Reagan works as the Extension and Research Officer for PermEzone project implemented by Sustainable Village Resources (SVR) in Rongo in partnership with Permaculture Research Institute, Kenya (PRI- Kenya). He joined the PRI-Kenya project team in June 2017. Reagan is currently pursuing a Masters of Science in Environmental Planning and Management at Kenyatta University. He is a holder of Bachelor of Science Degree in Coastal and Marine Resource Management from the same University. Reagan took his Permaculture Design Certification (PDC) Course in Drylands Natural Resource Centre (DNRC) in March 2017. He has worked for different NGOs and Government institutions before joining the PRI – Kenya team. Reagan worked for Kenya Marine and Fisheries Research Institute as a Research Assistant. During this time, he worked closely with other researchers to implement Mikoko Pamoja, a community carbon offset project in Kwale County. Late last year, Reagan worked with University of Helsinki’s Taita research Station as a project Intern implementing Adaptation for Ecosystem Resilience in Africa (AFERIA) project funded by the Ministry of Foreign Affairs Finland and Coordinated by International Centre for Insect Physiology (ICIPE) in Taita Taveta County.


What enabling environment would be required in order to implement this proposal?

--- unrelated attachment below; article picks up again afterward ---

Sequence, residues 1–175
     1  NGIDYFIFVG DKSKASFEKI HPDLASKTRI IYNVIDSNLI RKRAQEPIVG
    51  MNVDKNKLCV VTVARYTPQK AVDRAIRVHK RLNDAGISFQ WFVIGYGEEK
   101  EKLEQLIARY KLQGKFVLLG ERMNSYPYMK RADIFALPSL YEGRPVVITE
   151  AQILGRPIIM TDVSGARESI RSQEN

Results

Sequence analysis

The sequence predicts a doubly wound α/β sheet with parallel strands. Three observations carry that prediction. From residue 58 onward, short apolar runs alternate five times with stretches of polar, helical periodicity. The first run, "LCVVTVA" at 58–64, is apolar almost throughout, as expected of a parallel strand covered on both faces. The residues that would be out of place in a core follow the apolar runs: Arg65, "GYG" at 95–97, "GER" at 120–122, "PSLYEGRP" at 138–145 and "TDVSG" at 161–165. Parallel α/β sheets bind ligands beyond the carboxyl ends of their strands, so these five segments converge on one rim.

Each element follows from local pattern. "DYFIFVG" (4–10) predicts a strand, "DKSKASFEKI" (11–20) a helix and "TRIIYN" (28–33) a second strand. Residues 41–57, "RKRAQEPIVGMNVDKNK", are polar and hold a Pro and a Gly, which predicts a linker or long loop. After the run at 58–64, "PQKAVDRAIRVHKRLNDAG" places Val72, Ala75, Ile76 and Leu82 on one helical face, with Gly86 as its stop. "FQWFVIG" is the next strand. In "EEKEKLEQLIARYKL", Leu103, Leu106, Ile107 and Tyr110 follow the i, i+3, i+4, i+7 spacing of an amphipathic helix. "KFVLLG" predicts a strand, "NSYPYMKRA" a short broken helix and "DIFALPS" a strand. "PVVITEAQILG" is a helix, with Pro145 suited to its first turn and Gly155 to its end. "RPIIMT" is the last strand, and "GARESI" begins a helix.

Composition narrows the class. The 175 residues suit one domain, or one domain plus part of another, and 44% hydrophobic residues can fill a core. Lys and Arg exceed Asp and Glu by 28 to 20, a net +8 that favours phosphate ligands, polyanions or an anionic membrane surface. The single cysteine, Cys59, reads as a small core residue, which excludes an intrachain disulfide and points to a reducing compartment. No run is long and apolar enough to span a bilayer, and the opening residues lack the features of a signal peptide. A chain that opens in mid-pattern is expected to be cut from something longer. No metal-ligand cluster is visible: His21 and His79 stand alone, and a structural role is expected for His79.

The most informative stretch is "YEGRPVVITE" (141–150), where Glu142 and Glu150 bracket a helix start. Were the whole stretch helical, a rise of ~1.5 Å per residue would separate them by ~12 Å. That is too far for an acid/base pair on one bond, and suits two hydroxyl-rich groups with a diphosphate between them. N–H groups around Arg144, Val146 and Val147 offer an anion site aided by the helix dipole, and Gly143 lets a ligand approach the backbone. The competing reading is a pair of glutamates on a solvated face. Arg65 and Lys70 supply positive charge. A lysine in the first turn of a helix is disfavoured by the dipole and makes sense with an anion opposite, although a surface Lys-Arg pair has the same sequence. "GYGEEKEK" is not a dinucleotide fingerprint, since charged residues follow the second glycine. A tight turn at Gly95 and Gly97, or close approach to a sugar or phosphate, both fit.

Incentives: The success of the project will indeed depend in large part on farmer acceptance of the ideas. We are encouraged by the fact that farmers are open to alternatives. My experience with farmers is that all they need is a demonstration that the idea you are selling works. This is why we are proposing to have a resource centre with demo farms. This will trigger and escalate the acceptance of the concept. Setting up models farms for our farmers on their own farms will also trigger interest from neighbouring villages hence ensuring up scaling

Market Linkages: There is an increasing attitude shift among the Kenyan consumers of agricultural products. The population, today is more concerned about where their food come from and what methods were used to produce the food with preference given to organically and sustainably produce food. Besides, these sustainably produced food fetch more in the market compared to their counterparts. Taping into this already existing market will ensure economic sustainability for the farmers.

Research Linkages: Permaculture as a concept has numerous opportunities that can be taken up by the farmers. However, there is a gap due to lack of data. There is therefore the need for this project to inviting researchers to study and document permaculture concept as sustainable way of solving global problems using empirical data. Project will also have student volunteer program that can later trigger interest for more detailed research.